Labour and Social Security Journal 05/2021
Publication date: 2021
Place publication: Warszawa
The paper focuses on a problem of compliance legal norm — that is so called privileging the employee's principle (in scope that is currently predicted in an Article 9 para. 2 of Polish Labour Code) with the Constitution of Republic of Poland. The purpose of paper is justification of thesis that subjected principle is de lege lata constitutional norm and showing important consequences of this conclusion. In order to accomplishment of this purpose, article shows results of analysis of relevant regulations that were binding in different moments of time, and use theoretical concepts, especially such as the integrated concept of legal principles and the typological linguistic content of the predicate.
The article is devoted to the issue of the coalition in trade unions of persons employed on civil law basis. The notion of civil law employment may be understood in different ways. In the narrow interpretation (sensu stricto) it refers only to individuals who perform work under civil law agreements, such as a contract of mandate or an agreement on the provision of services. In the wider sense (sensu largo), one might also add performing work by self-employed persons (b2b). Moreover, the article discusses some aspects of the status of trade union officials performing work on a civil law basis.
The article deals with the jurisprudence of the Supreme Court of Canada regarding the relationship between the right of association and the right to collective bargaining and the right to strike. The paper analyzes such sentences as: BC Health or SFL v Saskatchewan. The article presents the "dialogue" between individual courts and tribunals. In the SFL v Saskatchewan ruling, the Supreme Court of Canada points to a growing international consensus that if the right to collective bargaining to be meaningful, it must include the right to strike. In these considerations the court directly refers to the achievements of the European Court of Human Rights in Strasbourg. The relationship between the jurisprudence of both entities is clear. A clear common base is the output of the quasicase law of the International Labor Organization.
The subject of the article is to present the entitlements of the National Labour Inspectorate (NLI) in determining the existence of employment relationships. The analysis shows that the legal instruments available to NLI inspectors in this regard include referring the employer to an application, conducting misconduct proceedings or bringing an action to the labour court for establishing the existence of an employment relationship. In practice, these measures are ineffective. Under the current legal status, labour inspectors are not entitled to issue administrative decisions establishing the existence of an employment relationship. However there are certain arguments of a dogmatic and legal nature for granting them such an entitlement, which, would also require the creation of an appropriate appeal procedure, which should be similar to the appeal procedure against the decisions of the Social Insurance Institution.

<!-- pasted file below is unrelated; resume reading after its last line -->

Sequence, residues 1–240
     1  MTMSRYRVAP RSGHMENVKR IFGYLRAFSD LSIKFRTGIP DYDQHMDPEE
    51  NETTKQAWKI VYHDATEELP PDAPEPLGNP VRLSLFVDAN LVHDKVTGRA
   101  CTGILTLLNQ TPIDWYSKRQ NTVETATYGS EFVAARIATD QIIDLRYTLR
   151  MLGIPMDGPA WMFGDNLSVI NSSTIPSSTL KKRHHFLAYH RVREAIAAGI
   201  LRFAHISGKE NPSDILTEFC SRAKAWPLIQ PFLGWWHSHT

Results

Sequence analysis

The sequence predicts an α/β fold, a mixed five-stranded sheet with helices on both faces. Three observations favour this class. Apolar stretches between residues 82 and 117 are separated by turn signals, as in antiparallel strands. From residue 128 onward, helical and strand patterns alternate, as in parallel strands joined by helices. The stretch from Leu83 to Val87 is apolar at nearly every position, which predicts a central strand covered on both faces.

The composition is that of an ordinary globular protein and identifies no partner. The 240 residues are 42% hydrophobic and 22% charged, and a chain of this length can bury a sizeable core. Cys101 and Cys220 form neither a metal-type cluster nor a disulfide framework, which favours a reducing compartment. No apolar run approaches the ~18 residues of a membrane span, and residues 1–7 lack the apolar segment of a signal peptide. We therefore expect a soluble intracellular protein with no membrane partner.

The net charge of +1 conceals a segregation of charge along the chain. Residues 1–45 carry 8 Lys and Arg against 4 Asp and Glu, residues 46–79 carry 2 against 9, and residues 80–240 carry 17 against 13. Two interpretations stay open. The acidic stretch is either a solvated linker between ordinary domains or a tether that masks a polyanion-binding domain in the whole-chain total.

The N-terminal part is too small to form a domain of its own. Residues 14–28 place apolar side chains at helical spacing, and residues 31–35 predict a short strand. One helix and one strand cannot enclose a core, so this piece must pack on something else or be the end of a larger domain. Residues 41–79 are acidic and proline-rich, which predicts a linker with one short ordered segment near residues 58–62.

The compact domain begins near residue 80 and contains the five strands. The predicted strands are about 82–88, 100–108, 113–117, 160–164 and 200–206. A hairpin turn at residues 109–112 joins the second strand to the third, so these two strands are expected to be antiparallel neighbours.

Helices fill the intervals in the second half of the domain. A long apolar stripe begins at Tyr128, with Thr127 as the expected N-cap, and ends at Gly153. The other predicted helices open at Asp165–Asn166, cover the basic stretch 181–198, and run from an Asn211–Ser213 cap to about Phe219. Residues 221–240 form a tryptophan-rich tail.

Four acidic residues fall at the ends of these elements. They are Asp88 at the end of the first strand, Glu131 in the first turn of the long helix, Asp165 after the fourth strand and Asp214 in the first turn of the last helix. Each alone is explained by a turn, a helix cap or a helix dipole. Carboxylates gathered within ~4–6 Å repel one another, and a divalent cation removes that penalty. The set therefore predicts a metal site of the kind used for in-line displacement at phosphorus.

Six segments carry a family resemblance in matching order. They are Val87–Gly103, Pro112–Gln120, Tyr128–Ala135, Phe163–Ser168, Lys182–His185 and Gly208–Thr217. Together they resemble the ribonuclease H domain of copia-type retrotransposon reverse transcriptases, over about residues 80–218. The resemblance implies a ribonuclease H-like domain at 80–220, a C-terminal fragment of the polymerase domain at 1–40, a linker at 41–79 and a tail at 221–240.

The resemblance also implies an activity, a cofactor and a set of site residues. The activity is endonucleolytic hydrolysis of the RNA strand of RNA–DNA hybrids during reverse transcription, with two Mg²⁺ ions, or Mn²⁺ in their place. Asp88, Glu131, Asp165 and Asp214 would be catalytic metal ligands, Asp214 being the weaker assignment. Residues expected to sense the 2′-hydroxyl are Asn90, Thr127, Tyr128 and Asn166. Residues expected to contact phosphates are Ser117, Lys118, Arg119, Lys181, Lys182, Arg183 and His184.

Remuneration for the time of unemployment (Articles 47 and 57 of the Polish Labour Code) is not remuneration, but compensation which additionally has a repressive-preventive function. No provision of social insurance excludes the possibility to award compensation for the time of receiving sickness benefit, maternity benefit or rehabilitation benefit. "Remuneration" for the time of unemployment should also be granted for the period of inability to work of a particularly protected employee (Article 47 sentence 2 and 57 para. 2 of the Labour Code) who was unlawfully dismissed — in such a way that the employer should be obliged to cover the difference between the amount of the social insurance benefit and the remuneration the employee would have received if he had worked.
This article presents the problem of burnout. In the article was presented its genesis, symptoms and their consequences for employees as well as for employers and for the whole society. The article presents solutions adopted in European countries, whose aim is to prevent burnout. The article attempts to analyze what solutions can be adopted in Polish law to prevent burnout, and whether burnout can be considered an occupational disease. Proposed solutions the implementation of which would help employers in the fight against the burnout syndrome, were also presented.
The author analyses case law of the Court of Justice of the European Union on the binding effect of a certificate on legislation applicable (E101 and A1) for courts of a Member States in the event of fraud. Both in Polish literature and in case law, judgments in this area are assigned with different effects. What seems to prevail is a believe that the binding force of the abovementioned certificates has been weakened. This study aims at critical analysis of such a view, as well as at establishing conclusions resulting from the emerging jurisprudence. The first part of the study was published in the previous issue of the Labour and Social Security Journal
The study presents the latest ruling of the Supreme Court (judgment of 5 November 2020, II UK 33/19) regarding the issue of employment as employees of partners in limited liability companies and the consequences of this in the field of social insurance.
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